The 2014: A Year In Stories project has been a revelation.
I knew Pure Slush was a great publisher. I knew their fiction was ground-breaking, their editor a jewel, their work ethic top-notch. I knew the project itself was unique. I knew it would be a lot of work. I knew it would improve my craft.
Part of the beauty of an anthology is the introduction to new writers. I looked forward to that; to reading authors I didn't know, to seeing how they had handled the project constraints, to watching them work their particular brand of magic.
I did not expect the interaction.
The thirty-one writers of the project--most of them, anyway--have banded, or perhaps bonded, together. We interact daily on Facebook, on the Pure Slush page and the project page, and on Stephen V. Ramey's blog, where he reviews the story of the day every day. We trade impressions on characterization, plot developments, language, setting. We take pot shots at what's going to happen next month; Stephen even started running polls. We commiserate on missed deadlines (yes, we're still writing). We've become involved with each other and the projects we're working on alongside 2014.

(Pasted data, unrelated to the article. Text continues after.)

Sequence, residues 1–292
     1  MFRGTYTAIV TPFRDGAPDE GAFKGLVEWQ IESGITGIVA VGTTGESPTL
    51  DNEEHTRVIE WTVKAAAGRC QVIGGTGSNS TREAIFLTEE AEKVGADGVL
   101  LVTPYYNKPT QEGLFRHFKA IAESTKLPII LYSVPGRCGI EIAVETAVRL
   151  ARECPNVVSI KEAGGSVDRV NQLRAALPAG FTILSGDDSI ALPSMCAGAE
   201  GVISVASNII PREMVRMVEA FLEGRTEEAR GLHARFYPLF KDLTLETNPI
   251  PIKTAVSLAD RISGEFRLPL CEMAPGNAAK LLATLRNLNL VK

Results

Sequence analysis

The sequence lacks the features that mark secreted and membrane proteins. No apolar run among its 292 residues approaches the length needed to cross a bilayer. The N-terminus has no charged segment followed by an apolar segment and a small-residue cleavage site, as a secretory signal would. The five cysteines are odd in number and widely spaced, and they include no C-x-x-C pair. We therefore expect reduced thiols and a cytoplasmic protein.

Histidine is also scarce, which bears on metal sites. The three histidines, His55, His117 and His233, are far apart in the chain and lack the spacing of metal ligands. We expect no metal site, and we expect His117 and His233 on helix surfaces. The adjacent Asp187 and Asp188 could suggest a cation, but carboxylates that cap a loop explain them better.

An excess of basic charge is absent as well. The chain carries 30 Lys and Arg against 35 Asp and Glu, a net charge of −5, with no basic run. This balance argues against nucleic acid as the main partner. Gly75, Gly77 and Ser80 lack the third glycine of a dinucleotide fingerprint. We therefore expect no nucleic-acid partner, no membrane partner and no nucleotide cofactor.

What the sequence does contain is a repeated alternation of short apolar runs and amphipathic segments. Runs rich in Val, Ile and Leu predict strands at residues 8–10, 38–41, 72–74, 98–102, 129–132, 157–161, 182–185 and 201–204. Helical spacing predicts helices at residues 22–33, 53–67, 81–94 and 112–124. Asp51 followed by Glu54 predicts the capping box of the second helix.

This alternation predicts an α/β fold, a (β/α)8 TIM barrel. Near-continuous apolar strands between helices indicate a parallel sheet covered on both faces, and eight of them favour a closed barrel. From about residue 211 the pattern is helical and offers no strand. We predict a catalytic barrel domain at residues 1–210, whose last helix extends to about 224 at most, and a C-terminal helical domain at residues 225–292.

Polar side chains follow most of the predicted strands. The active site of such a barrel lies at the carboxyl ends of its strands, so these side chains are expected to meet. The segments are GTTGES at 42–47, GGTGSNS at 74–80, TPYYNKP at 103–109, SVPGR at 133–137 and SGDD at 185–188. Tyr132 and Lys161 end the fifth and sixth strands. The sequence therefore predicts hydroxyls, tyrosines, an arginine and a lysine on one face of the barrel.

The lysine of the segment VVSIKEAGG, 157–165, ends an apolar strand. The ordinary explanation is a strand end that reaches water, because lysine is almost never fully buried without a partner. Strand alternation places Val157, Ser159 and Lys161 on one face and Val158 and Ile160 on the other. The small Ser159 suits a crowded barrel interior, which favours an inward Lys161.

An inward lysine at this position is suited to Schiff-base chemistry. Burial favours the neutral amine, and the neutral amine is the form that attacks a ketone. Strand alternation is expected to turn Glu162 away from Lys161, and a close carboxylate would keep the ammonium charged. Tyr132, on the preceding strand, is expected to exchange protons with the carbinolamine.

We've become friends.
Obviously, this has enhanced my enjoyment of the project as a whole. It also started me thinking.
As bloggers, interaction is something we value. Covet, even. As bloggers, we get it every time someone leaves a comment. But what interaction do we get as writers?
Everyone says the writing life is lonely. The 2014 project has taught me it doesn't have to be.
~ * ~
Are you a writer? How much do you interact with other writers? With your readers? What works best for you? As a reader, do you interact with the authors of what you read? Does it stay at an I'm your fan, please sign my book, or have you had the opportunity to take it deeper?
This post is part of the A-to-Z Challenge!
(Sorry for the late posting. Life's gone berserk.)